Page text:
Crude said...

William,

Very good point. And I think it could be fleshed out more to great effect.

Matt DeStefano said...

William,

You're right in pointing out that it's not true that mistaken beliefs divide along naturalism/theism lines, but that isn't what is being argued. Rather, naturalists are arguing that historical supernatural explanations have continually been replaced by natural ones as science progresses. Consider this rough sketch of an argument:

(1) Historically, people have provided supernatural explanations for various phenomena.

(2) Historical supernatural explanations have been replaced by natural explanations as science advances. (Disease, lightning, etc.)

(3) Given 1 & 2, it is probable that current supernatural explanations will be replaced by natural ones as science continues to advance.

Jeffery Jay Lowder has a somewhat similar argument laid out: The Evidential Argument from the History of Science.

Thrasymachus said...

I agree it is precarious to say that (thanks to tracking) that science will fill in all explanatory gaps. Although lots of science has progressed, arguably it hasn't made much progress at all in things like the hard problem (and I'm unsure whether the track record *there* is suggestive of a gap never being filled. However, naturalism doesn't need to commit themselves to something so strong.

All he *really* wants to say is that we will never fill in gaps with supernatural explanans, so our completed explanation of everything won't recourse to "and this happens through divine agency" or similar. And the history of science (cf. Matt) provides a pretty robust track record of that: there is a one-way trend of supernatural explanations being super-ceded by methodologically naturalism, and the fact this works so well is further evidence for Metaphys-Nat.

Papalinton said...

"We have zero data to work with, so we can justify whatever narrative we wish, thus "proving" our going-in positions."

No, we don't. Only christian theism operates within a 'data free' zone. The mountains of scientific, paleo-anthropological and paleo-biological knowledge of earlier primates and homo varieties, from before and after the advent of big brain development, clearly exposes the self-imposed disavowal of the evidence in favour of emotional surrender to magical thinking and christian shamanism.

"As it happens, I actually do regard my narrative as the more probable. Animals never ask "why" - I doubt primitive Man did either. But once he was endowed with a soul, and God breathed His Spirit into him, he looked around (already knowing God), and quite appropriately ascribed various phenomenon to Him."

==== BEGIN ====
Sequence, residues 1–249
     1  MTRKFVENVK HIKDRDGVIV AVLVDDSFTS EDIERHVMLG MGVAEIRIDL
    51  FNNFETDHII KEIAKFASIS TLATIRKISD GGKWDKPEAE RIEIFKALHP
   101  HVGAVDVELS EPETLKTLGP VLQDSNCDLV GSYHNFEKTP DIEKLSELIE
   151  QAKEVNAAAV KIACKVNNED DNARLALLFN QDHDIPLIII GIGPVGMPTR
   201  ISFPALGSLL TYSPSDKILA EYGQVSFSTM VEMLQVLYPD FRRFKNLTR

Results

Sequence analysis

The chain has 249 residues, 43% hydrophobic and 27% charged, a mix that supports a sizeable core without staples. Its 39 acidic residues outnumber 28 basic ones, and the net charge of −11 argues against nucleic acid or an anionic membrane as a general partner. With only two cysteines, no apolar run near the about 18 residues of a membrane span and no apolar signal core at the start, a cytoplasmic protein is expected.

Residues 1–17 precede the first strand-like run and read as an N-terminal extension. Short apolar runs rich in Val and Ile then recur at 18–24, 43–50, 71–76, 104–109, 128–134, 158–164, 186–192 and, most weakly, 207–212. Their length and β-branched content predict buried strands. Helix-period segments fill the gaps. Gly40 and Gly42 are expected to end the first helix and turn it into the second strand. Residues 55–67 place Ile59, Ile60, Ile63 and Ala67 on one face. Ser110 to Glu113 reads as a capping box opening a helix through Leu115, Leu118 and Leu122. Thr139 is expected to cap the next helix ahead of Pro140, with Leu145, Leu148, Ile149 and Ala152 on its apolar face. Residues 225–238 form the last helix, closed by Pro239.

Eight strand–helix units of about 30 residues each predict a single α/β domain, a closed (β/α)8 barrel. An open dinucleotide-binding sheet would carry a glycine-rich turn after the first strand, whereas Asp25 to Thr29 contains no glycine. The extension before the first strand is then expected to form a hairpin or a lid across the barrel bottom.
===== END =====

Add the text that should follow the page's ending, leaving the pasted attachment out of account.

As noted in another site, it is the deep and extremely worrying pathology of the religious mind that has not only the problem but the difficulty of assimilating the greatest medical, scientific, and most particularly the social and psychological finds and discoveries of the contemporary world. It is the congenital inability of the indiscriminately trained religious mind to distinguish superstition from science, from the natural and the supernatural, to distinguish between fact and fantasy. It is the process of theologizing science as the only mechanism by which the religious-minded can make sense of their world, the blighted vision through which 'reality' is permanently imprinted into the neural networks of their mind, where naturalism, superstition, supernaturalism, spirits and devils and angels all mingle, where gods and jesuses and granddads and aunties and lost sons and past relatives all swirl in the grand miasma. It is the deep cognitive impairment of the incapacity to mark where reality leaves off and allegory segues in.

" .. endowed with a soul ..", "god-breathed spirit .. " Now, these are truly the made-up stuff of ".. whatever narrative we wish..." Does anyone remember the position of the Magisterium when babies could not enter heaven and remained in limbo? Does anyone remember the inviolable concept of purgatory? Does anyone remember when the star literally shone on the stable in Bethlehem guiding the three 'wise' men? I remember being unequivocally told at Sunday School the facts of this incident.

And one has to compare this stuff with that of the progress of science as equally viable explanatory methods? Hardly!

Crude said...

Thrasymachus,

And the history of science (cf. Matt) provides a pretty robust track record of that: there is a one-way trend of supernatural explanations being super-ceded by methodologically naturalism, and the fact this works so well is further evidence for Metaphys-Nat.

I'm not so sure of that. First of all, wouldn't any explanation science gives be a natural explanation by default? In that case, it seems that there's a problem with arguing that science has "only gone in one direction" when it comes to explanations - that's because it can only go in a single direction in principle.

Second, any claim that supernatural explanations have been replaced by natural explanations is going to require stating clearly what comprises a natural or a supernatural explanation. That's turned out to be incredibly difficult for many to do, even for proponents of methodological naturalism that I've encountered. (I remember Carrier took a swing at this. His view fails miserably, and wreaks havoc on the very argument I think you're sketching.)

William said...